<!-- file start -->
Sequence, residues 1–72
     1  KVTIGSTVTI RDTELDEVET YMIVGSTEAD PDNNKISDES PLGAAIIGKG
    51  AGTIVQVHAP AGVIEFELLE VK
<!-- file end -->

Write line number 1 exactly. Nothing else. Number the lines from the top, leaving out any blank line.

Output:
Sequence, residues 1–72